ant.mail(mailhost:"", subject:"build failure"){
from(address:"[email protected]", name:"buildmaster")
to(address:"[email protected]", name:"Development Team")
message("Unable to compile ighr’s source.")

Where you REALLY need it, you of course are still able to call on any and all of the *nix powertools you might like in a Groovy script. Personally, more and more I find that building and testing the script in my chosen IDE, and using the libraries I’m most comfortable with to do it, is a much more productive and enjoyable experience.

P.S. Gotta apologize about the code formatting – if anyone knows a wordpress syntax highlighting plugin that DOESN’T blow away your formatting or randomly replace the text with html entities, gimme a shout please!

2 Responses to "Groovy and Bash – can scripting get much easier?"

1 | Robert

April 16th, 2009 at 7:48 am


The big flaw…you have to install both Groovy and Java where you want to use it. Not so with the many other choices.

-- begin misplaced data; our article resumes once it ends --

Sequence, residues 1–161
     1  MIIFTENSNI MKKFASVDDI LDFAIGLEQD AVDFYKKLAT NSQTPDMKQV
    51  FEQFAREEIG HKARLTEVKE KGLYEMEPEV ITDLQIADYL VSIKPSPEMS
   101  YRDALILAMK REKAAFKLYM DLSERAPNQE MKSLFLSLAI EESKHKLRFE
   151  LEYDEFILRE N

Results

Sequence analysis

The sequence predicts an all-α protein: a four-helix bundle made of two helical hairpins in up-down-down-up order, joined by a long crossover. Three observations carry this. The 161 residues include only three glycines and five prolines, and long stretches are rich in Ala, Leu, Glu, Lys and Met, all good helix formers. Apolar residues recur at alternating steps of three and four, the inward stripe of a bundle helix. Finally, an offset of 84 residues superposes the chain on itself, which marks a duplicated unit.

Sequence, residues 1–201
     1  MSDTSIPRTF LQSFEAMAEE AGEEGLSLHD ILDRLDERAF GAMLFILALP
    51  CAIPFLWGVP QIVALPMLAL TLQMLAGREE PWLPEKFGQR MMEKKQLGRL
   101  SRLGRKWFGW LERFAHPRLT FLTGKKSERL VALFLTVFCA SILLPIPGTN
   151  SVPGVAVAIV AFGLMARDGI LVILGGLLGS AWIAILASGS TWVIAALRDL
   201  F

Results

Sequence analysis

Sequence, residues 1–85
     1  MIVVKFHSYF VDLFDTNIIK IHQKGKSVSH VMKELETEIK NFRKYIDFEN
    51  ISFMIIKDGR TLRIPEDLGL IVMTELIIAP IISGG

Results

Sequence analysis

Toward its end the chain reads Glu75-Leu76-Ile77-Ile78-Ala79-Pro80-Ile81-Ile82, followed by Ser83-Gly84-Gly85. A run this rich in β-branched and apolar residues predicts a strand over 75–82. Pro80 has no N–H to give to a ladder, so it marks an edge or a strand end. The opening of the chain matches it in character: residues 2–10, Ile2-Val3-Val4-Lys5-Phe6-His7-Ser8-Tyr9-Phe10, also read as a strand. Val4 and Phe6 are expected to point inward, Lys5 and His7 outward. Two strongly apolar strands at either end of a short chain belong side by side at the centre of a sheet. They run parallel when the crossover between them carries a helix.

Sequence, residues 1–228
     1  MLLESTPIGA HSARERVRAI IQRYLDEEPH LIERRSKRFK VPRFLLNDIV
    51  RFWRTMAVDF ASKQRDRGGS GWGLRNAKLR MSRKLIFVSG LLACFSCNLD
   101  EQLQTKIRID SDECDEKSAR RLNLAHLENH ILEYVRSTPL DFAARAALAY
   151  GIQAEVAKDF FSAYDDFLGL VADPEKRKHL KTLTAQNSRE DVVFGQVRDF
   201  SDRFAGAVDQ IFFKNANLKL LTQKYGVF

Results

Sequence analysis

2 | TheKaptain

April 16th, 2009 at 7:59 am


Entirely true Robert. And I can see where that can be percieved as a pretty big toolkit to haul around for a little command line scripting.
I guess for me, I use those tools pervasively in my day to day work, so not having them installed never even occurred to me.
We can probably agree that Java will be installed on any major operating system(although not necessarily 1.6). And that installing Groovy on any of the major platforms(*nix,Mac,Windoze) has never been easier. So I’m hoping that isn’t seen as too much of a barrier.